Hockey came to a halt at the East End Community Centre this week.
The hockey rink there closed on Monday, which brought complaints, but centre officials say there's too much snow on the ice and nowhere to put it.
"We had too much snow and we're running out of room to pile it and we’ve got another storm coming," said centre president Dana Austin.
"We always seem to run out of room when we get a heavy snow year."
The volunteer-run community centre is popular among skaters. It’s estimated that each winter about 7,000 individuals either play pickup hockey on the rink or skate on another ice surface located beside the rink.
With no ice fee and a clubhouse that loans hockey equipment, the rink is popular among immigrants who want to learn the sport.
It also gives kids from low-income families a chance to play the game.
Usually, hockey season there wraps up in early to late March, but this year the buildup of snow forced a closure ahead of schedule.
Paths were cleared through the snow-covered ice in the hockey rink to allow some skating, but wasn’t suitable for hockey.
A skating area beside the hockey rink, which doesn't have boards, remained open. Its lack of boards meant snow can easily be pushed to the east where there's still room.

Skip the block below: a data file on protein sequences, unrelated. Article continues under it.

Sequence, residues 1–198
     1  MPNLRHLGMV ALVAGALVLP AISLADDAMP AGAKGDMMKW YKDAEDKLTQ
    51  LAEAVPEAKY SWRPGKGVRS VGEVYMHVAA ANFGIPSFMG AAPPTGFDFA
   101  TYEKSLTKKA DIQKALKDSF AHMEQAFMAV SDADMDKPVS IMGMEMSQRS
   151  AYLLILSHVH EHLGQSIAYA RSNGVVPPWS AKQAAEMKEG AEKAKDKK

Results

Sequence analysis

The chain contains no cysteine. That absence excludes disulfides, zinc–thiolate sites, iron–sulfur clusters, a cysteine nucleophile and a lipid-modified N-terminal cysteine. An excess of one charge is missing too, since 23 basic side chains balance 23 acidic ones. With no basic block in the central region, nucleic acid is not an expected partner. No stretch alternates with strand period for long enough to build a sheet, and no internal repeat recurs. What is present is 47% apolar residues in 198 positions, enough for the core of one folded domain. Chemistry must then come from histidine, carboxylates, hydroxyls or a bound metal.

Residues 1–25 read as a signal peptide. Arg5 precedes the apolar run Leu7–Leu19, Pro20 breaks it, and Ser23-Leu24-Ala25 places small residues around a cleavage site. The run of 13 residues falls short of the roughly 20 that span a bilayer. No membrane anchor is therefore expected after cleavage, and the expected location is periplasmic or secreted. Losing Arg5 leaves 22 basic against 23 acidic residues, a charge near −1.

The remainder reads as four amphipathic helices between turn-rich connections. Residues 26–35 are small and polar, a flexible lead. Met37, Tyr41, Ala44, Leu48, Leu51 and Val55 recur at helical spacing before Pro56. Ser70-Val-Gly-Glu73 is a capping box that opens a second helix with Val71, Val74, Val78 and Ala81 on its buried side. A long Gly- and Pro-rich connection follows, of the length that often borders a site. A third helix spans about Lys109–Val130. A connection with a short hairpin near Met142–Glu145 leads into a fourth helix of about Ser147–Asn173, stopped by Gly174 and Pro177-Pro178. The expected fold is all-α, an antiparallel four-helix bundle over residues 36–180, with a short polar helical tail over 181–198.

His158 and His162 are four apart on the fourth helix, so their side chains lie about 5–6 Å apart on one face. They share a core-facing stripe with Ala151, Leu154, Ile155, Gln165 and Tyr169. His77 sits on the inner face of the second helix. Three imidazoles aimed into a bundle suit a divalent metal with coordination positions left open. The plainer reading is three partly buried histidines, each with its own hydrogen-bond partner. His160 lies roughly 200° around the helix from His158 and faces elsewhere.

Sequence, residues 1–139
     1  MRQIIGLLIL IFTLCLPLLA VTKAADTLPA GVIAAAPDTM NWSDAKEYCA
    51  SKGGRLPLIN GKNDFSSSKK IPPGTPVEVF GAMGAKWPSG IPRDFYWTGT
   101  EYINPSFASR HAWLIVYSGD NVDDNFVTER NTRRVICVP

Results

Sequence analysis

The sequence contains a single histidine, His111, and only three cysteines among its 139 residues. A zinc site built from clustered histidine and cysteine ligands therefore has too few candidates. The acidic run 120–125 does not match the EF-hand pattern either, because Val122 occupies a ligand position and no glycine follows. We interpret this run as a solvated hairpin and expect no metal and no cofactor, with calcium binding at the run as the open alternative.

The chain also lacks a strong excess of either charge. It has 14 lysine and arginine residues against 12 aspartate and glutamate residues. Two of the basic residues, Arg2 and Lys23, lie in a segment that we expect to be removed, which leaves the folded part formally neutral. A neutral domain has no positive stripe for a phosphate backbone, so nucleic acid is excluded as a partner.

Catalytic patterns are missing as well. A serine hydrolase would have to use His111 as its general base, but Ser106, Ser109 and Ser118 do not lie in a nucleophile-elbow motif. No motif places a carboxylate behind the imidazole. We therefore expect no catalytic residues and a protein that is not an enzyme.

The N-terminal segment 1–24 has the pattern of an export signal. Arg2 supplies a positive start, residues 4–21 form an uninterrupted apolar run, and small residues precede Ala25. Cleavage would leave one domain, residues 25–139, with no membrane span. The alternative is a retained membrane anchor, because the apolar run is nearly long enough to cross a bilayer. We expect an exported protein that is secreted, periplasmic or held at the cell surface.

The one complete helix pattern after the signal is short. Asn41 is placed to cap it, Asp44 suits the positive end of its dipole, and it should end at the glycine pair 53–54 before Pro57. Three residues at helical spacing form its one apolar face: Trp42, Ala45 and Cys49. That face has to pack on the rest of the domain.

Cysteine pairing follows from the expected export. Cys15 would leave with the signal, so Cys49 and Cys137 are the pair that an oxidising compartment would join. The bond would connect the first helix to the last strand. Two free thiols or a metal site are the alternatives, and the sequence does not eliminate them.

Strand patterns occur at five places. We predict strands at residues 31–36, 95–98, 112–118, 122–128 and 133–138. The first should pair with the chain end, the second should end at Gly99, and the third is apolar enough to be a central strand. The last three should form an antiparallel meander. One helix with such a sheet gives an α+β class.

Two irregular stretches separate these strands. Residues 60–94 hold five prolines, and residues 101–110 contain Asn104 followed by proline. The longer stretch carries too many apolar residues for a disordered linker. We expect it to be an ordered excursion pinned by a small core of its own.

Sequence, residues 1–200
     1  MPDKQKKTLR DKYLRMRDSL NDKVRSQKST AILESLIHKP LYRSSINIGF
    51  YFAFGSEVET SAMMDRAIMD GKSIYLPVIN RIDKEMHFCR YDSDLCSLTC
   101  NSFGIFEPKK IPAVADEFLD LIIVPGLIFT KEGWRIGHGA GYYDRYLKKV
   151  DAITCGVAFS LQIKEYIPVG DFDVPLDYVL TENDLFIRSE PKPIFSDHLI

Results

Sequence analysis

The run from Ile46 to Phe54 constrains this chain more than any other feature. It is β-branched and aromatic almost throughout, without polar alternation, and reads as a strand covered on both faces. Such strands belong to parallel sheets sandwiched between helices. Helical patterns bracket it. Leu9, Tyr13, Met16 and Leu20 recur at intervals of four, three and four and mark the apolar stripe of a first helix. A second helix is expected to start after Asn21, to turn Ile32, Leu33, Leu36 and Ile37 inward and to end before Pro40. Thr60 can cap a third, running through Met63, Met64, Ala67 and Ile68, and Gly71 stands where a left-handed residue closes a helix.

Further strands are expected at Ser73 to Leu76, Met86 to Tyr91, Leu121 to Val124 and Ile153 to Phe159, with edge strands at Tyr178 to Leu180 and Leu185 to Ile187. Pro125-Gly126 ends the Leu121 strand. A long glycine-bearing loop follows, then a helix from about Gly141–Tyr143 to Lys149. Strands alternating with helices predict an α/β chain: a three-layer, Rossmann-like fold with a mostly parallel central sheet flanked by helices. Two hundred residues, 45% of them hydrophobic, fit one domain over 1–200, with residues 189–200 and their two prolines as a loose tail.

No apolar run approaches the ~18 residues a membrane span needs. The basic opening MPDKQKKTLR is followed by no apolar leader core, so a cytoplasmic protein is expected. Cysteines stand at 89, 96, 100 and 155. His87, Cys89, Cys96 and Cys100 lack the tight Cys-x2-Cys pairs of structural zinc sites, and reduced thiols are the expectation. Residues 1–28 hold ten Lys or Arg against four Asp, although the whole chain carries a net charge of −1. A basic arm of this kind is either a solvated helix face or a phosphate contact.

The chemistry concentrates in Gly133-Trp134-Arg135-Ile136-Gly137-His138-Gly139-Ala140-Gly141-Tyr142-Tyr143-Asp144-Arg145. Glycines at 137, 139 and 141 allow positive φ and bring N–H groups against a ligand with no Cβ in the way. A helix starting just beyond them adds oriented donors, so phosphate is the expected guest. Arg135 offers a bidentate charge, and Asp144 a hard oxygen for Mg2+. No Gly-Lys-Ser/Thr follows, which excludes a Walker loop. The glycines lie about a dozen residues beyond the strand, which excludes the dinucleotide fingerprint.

The clubhouse also remained open according to regular hours.
Cleaning the hockey rink is no easy task, Austin said. It's the same length as the 80-foot by 200-foot ice surface at Westman Place, but five feet wider.
Volunteers would help, said ice maker Peter Nissen, but they need to clean the ice properly.
Some people add to the problem by shovelling snow up against the boards instead of shovelling it over the boards and out of the rink.
The snow left on the ice then gets packed down and the surface can’t be flooded.
There's only so much that can be done with a snowblower, Austin added, and when the snow gets too deep a skid-steer loader is needed to properly clear the ice.
There was some debate about whether to pay for a loader so close to the regular end of hockey season at the centre.
But as of Wednesday afternoon, after fielding numerous calls, Austin said Nissen and a volunteer were headed to the rink with shovels and they’d be followed in the evening by a skid-steer loader.
The loader and volunteers might be brought in again after the next dump of snow, which was expected last night and today.
The money for machinery will have to come out of the centre’s budget, which consists largely of hall rental fees and donations.
But that money is also needed for other expenses such as utilities and renovations.
The city supplied funding for ice maintenance which helped run the hockey rink during the month of December, but since then it's been kept open using volunteer labour.
There’s a chance that more funding may come from the city that could be used to pay for the skid-steer loader, Austin said.